Leading the cast is David Hemmings as Marcus Daly, in what seems to be almost a reprisal of his role in Antonioni's 1966 film, "Blowup" (which was most definitely another of Argento's inspirations). Hemmings is excellent in his role, and effectively portrays Daly's own descent into darkness as he gets more involved with the killings. Argento's regular collaborator Daria Nicolodi stars as Gianna Brezzi (in her first work with Argento), an interesting role because the character demands her to downplay her beauty in favor of the awkwardness and quirkiness of the role. Nicolodi is charming, and very natural, making hard to not fall in love with her character, the typical wisecracking reporter of mystery films. The rest of the cast includes many interesting characters (everyone is a suspect here), and the supporting actors do a very good job. Gabriele Lavie is specially great as Carlo, a tortured alcoholic pianist who is probably the most likable character of the film.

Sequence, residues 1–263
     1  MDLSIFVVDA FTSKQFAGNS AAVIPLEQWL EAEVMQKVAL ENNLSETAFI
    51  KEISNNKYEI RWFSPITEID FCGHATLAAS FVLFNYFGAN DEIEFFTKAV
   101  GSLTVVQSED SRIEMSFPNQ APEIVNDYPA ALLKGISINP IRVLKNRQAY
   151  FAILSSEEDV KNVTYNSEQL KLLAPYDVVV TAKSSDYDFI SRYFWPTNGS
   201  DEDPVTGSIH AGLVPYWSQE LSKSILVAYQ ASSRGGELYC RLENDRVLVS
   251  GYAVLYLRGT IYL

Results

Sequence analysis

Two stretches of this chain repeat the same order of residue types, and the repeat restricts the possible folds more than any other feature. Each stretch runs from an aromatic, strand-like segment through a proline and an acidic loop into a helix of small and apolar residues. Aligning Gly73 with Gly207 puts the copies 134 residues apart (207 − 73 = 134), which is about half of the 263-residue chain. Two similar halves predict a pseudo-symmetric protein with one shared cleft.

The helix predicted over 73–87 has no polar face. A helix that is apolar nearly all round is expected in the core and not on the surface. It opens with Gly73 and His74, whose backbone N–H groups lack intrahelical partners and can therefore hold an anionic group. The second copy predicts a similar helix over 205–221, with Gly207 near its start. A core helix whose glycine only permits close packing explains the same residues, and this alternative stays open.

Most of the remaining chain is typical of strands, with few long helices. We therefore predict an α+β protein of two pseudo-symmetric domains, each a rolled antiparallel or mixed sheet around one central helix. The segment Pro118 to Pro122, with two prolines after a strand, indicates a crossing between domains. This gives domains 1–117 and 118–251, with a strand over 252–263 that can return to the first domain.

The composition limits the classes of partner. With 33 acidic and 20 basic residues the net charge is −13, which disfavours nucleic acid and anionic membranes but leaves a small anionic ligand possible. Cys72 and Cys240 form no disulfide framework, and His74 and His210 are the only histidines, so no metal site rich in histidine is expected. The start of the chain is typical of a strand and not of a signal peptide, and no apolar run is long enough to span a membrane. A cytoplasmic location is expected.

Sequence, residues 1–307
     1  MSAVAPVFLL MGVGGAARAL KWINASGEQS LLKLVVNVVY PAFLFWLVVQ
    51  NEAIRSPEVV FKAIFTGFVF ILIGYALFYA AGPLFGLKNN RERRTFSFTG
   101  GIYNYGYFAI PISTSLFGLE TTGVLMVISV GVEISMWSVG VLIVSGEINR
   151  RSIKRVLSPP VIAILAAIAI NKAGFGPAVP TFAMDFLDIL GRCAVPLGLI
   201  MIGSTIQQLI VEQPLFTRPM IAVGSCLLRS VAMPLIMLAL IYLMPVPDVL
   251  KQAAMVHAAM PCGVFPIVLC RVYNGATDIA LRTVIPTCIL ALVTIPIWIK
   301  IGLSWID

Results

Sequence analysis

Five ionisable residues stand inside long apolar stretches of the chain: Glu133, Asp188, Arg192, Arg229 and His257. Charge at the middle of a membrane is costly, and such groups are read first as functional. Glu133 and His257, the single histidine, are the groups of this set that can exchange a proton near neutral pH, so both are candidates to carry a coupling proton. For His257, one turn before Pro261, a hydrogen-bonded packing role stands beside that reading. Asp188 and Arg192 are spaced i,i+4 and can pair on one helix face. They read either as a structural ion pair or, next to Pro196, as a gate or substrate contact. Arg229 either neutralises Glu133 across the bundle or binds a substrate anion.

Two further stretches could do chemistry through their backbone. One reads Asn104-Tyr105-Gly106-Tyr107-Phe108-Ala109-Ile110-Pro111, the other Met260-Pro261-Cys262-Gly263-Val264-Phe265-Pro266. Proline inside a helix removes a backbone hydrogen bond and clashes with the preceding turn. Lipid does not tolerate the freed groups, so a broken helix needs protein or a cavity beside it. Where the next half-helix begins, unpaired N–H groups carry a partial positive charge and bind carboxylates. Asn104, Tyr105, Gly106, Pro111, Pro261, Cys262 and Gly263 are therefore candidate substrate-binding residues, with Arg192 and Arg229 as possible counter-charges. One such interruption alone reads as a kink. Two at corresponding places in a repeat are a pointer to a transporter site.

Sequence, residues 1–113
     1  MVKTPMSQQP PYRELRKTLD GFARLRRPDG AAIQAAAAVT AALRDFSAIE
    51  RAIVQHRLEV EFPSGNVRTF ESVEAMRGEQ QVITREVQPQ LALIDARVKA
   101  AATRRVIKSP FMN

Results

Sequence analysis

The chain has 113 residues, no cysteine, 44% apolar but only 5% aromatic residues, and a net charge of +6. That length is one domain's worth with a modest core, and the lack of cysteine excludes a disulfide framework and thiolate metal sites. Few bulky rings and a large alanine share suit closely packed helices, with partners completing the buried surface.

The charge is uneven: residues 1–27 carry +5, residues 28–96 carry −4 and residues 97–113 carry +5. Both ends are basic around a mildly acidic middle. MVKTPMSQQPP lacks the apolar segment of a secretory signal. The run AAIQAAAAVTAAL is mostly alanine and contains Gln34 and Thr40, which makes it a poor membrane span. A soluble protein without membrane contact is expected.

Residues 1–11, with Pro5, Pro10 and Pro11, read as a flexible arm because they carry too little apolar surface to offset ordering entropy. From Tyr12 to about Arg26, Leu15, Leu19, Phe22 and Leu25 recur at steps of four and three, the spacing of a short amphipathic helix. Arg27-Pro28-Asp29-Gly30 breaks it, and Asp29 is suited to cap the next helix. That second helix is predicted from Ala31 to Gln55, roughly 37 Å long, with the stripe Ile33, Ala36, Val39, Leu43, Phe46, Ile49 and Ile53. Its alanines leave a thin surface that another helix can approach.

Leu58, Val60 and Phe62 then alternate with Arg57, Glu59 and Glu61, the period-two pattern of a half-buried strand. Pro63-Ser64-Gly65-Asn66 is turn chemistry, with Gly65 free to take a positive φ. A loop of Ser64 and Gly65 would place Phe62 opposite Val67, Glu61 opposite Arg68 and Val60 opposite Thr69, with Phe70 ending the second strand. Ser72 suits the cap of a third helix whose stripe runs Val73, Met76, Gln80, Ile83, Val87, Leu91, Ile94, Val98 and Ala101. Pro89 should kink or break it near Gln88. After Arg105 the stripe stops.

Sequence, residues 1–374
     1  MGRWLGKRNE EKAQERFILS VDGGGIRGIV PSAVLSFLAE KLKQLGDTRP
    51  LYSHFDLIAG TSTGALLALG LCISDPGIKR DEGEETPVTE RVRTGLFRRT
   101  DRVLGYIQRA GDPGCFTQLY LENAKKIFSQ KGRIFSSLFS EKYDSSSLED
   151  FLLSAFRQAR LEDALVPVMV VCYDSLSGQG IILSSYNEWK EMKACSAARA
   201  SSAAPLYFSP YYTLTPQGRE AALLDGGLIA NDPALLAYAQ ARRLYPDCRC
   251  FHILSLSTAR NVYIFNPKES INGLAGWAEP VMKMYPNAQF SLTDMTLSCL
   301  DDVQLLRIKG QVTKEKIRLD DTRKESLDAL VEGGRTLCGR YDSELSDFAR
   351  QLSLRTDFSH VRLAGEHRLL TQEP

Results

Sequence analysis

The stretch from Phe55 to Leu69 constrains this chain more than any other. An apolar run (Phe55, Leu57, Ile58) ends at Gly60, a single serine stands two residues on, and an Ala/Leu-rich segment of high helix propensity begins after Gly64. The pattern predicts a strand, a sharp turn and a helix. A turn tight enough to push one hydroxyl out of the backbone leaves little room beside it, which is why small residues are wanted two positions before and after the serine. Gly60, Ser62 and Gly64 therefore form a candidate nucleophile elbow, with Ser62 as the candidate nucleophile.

While definitely one of the best Giallo films ever made, "Profondo Rosso" is not exempt of flaws, at least in my humble opinion. The most noticeable I found was the fact that at times the plot kind of drags, wasting too much time in details that do not advance the plot. This makes the long runtime feel even longer than it should, and due to this some audiences may feel the film is boring (in fact, I would even say that the American cut, often titled "The Hatchet Murders", has a better flow, despite being censored). Fortunately, this doesn't happen too often and it's more a minor quibble than an actual flaw. Another detail that bothered me was the bad dubbing the film has, and I don't mean the English dubbing, the original Italian work of audio is really bad, and diminishes the value of many of the performances due to bad synchronization between audio and voice work. However, this was pretty much the standard of Italian productions of those years, as having a multicultural cast forced them to use dubbing most of the times.